Category Archives: Faculty profiles

UVA As a “Maze of Predatory Systems”

by James A. Bacon

If you visit the latest exhibit at the University of Virginia’s Ruffin Gallery, “EscapeRoom,” it takes no more than five or ten seconds for the artists’ message to sink in — the amount of time it takes to read the signage at the entrance:

The University of Virginia (UVA) is a site of reckoning. The legacies of slavery and white supremacy reverberate throughout its built environment. EscapeRoom confronts the frameworks of injustice that contemporary audiences inhabit and inherit in relation to this UNESCO World Heritage Site. … EscapeRoom charts critical routes through a maze of predatory systems.

Inside, the exhibits contributed by multiple artists elaborate upon the white-supremacy theme. Five 3D-printed pieces of porcelain, for instance, are described as giving “materiality, scale and dimension to the many ‘tools’ that mediate state violence visited upon Black victims: horses, batons, guns, tear gas, and more.”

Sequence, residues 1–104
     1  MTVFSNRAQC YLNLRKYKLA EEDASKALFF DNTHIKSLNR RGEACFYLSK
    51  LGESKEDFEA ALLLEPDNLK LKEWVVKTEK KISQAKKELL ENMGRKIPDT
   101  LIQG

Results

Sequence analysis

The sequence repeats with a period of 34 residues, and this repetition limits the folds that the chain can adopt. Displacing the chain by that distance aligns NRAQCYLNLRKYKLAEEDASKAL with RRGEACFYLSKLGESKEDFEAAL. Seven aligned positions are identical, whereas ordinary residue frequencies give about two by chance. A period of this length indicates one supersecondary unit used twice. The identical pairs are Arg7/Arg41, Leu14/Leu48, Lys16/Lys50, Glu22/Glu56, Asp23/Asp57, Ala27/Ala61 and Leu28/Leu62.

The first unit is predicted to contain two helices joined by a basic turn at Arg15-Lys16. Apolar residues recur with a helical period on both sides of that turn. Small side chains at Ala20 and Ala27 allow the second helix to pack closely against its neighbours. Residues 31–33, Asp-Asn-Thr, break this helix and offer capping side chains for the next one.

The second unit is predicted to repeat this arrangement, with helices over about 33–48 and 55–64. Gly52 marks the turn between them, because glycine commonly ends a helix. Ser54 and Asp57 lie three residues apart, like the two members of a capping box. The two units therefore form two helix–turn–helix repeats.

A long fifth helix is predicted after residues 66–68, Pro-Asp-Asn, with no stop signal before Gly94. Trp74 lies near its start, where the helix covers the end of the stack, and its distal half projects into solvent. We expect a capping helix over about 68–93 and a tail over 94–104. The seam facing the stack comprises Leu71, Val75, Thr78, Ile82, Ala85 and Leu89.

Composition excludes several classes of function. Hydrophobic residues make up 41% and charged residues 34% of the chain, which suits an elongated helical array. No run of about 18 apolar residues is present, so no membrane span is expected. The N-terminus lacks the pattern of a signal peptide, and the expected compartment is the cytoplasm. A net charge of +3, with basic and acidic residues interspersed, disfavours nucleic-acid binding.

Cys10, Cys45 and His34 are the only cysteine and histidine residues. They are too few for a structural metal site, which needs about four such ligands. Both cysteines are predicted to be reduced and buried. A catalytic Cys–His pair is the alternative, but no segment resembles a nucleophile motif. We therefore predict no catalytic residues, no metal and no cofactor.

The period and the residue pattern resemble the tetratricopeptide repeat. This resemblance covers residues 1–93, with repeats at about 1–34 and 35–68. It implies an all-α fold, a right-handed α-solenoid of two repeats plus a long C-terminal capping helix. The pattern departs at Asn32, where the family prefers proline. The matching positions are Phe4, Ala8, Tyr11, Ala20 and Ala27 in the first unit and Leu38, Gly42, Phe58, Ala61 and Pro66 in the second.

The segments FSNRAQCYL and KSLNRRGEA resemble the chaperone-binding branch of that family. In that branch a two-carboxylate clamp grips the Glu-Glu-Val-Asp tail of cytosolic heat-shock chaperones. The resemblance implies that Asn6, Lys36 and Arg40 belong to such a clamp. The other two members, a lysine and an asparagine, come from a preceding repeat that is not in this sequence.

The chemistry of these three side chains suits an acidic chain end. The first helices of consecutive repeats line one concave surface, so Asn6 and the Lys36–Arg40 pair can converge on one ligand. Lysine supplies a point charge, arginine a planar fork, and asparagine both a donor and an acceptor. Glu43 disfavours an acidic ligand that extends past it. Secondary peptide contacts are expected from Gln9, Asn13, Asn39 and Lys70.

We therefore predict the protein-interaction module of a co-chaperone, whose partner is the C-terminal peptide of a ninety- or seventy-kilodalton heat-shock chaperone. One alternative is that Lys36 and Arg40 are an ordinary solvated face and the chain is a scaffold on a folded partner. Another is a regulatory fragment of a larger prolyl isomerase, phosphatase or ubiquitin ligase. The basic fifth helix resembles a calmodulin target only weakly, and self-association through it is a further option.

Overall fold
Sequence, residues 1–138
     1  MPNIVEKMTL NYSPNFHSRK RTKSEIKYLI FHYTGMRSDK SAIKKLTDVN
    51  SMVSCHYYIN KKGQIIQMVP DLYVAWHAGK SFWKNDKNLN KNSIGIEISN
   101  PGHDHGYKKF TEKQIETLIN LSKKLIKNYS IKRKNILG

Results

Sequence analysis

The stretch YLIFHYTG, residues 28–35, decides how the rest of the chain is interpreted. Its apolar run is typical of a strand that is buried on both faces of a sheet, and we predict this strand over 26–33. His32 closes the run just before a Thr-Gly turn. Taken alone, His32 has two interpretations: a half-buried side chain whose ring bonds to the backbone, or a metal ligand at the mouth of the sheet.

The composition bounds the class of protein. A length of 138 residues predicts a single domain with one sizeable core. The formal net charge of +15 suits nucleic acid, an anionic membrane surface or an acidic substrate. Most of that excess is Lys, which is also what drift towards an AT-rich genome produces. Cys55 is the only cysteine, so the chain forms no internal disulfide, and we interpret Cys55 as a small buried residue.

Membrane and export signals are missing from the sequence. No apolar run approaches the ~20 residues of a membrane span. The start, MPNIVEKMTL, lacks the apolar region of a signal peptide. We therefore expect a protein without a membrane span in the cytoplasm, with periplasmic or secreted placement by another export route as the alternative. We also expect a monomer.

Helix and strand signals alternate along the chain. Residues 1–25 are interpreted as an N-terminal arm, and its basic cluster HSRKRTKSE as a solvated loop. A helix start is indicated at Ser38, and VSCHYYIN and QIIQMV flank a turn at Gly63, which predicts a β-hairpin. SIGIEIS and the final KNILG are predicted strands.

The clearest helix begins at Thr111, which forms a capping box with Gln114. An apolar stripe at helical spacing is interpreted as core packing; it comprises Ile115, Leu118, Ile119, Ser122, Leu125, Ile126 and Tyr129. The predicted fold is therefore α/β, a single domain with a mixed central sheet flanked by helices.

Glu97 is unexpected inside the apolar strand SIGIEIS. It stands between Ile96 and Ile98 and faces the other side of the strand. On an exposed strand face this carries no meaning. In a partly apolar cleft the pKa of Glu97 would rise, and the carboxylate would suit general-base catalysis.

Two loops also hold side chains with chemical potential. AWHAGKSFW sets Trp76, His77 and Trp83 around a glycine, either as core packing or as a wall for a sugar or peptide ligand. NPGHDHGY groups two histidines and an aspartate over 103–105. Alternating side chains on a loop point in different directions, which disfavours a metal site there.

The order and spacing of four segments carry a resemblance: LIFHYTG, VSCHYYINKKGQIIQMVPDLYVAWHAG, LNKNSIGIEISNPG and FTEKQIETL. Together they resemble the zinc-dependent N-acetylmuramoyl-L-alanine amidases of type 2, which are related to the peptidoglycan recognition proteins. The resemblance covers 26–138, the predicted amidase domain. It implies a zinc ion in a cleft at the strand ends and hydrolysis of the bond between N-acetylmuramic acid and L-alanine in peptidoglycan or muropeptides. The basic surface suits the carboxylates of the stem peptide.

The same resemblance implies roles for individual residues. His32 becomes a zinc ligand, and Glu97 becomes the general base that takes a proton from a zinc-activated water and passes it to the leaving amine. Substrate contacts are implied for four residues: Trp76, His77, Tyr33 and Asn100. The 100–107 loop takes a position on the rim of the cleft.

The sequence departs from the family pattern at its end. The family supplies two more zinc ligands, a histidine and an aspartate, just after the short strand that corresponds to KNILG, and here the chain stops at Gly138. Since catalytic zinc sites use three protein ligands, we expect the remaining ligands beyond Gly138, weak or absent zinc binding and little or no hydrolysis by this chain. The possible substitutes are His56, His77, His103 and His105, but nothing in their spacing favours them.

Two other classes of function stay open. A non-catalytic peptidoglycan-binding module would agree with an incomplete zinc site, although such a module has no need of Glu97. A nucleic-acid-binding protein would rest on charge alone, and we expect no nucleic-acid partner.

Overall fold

A mobile made of steel sheet metal “examines violence visited upon Black people at the hands of the American state. It attends to the paradoxes of Black life and death in this anti-Black world.”

To set foot in the EscapeRoom is to enter a world of victimhood that would have been entirely justified a century or two ago but seems tragically out of date 60 years after the passage of Civil Rights legislation, the enactment of the Great Society’s war on poverty, and the dramatic transformation of attitudes toward race in America — not to mention the implementation of Racial Equity Task Force recommendations at UVA itself that made the exhibit possible in the first place. Continue reading

In Their Own Words: Jefferson, Whiteness, and Dicks in the Sky

Meet Marisa Williamson. The Harvard-educated assistant professor in the University of Virginia art department works in video, image-making, installation and performance art around themes of “history, race, feminism, and technology,” according to her UVA faculty page. Most recently, she co-curated the EscapeRoom exhibition at the Ruffin Gallery, which we highlight in a companion article.